SAME PATIENT, 10 DIFFERENT MRI´s, 10 DIFFERENT INTERPRETATIONS
In a study recently published (Herzog, Elgort, Flanders, & Moley, 2017), the same patient, a woman, 63 years old, with a history of low back pain and L5 radicular symptoms in her right leg visited 10 different imaging centres in a period of three weeks. The findings of the MRI´s were compared to a reference exam (two of the authors, independently reviewed the MRI findings and gave a final diagnosis by consensus).
Some of the RESULTS were:
• There was an important variability reporting MRI pathologic findings.
• There was a high rate of interpretive errors. It means that some pathologies, important or not, were not described in the MRI reports.
• 49 different pathologic findings were described among all the MRI reports (e.g.: disc bulge, disc herniation, nerve root involvement, facet degeneration, central stenosis, lateral recess stenosis, etc.).
• NONE of the 49 findings were reported unanimously in every of the 10 MRI reports. Only one finding (anterior spondylolisthesis) was reported in 9 out of 10 MRI reports (Table 1).
• There was poor agreement on the interpretation of the findings.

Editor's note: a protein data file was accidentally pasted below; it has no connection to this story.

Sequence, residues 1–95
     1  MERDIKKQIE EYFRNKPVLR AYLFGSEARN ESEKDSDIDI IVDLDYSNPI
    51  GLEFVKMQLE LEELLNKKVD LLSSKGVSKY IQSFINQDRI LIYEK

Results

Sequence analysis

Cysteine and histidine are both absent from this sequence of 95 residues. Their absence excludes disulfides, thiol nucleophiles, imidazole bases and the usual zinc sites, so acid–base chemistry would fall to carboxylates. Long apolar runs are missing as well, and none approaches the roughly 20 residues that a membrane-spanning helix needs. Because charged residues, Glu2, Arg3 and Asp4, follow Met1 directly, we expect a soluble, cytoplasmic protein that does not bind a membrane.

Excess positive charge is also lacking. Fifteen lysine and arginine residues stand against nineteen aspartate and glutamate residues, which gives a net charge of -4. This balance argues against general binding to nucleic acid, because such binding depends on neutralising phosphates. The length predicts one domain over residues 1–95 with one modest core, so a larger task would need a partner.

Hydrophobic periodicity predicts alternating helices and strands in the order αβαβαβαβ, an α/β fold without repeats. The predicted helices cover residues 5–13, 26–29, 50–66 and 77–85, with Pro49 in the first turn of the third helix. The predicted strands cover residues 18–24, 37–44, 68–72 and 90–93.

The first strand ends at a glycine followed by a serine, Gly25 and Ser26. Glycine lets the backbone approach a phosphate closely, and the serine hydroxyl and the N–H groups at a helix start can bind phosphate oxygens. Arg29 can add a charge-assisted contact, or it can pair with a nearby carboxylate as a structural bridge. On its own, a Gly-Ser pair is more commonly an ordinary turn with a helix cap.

Here we have the CONCLUSIONS I have drawn after reading this paper:
• The radiological diagnosis really depends on the centre a patient visits.
• There is an important variability in the interpretation of MRI findings.
• The rate of errors in MRI interpretation is high.
• To base the treatment or recommendations on a MRI report could be negative for the patient´s outcome.
• Some of the patients we usually see, firmly believe in the MRI report (in some countries as Spain, in the majority of the cases, it is the medical diagnosis) and, in this paper, we can see the findings reported could be a false positive or a false negative (the miss rate is high).
• Finally, I would like to conclude that we cannot focus only on the interpretations of an MRI report (theoretical side of the brick wall), and to highlight the importance of the clinical side of the brick-wall paying attention to the patient´s complaints.
Herzog, R., Elgort, D. R., Flanders, A. E., & Moley, P. J. (2017). Variability in diagnostic error rates of 10 MRI centers performing lumbar spine MRI examinations on the same patient within a 3-week period. The Spine Journal, 17(4), 554–561. https://doi.org/10.1016/j.spinee.2016.11.009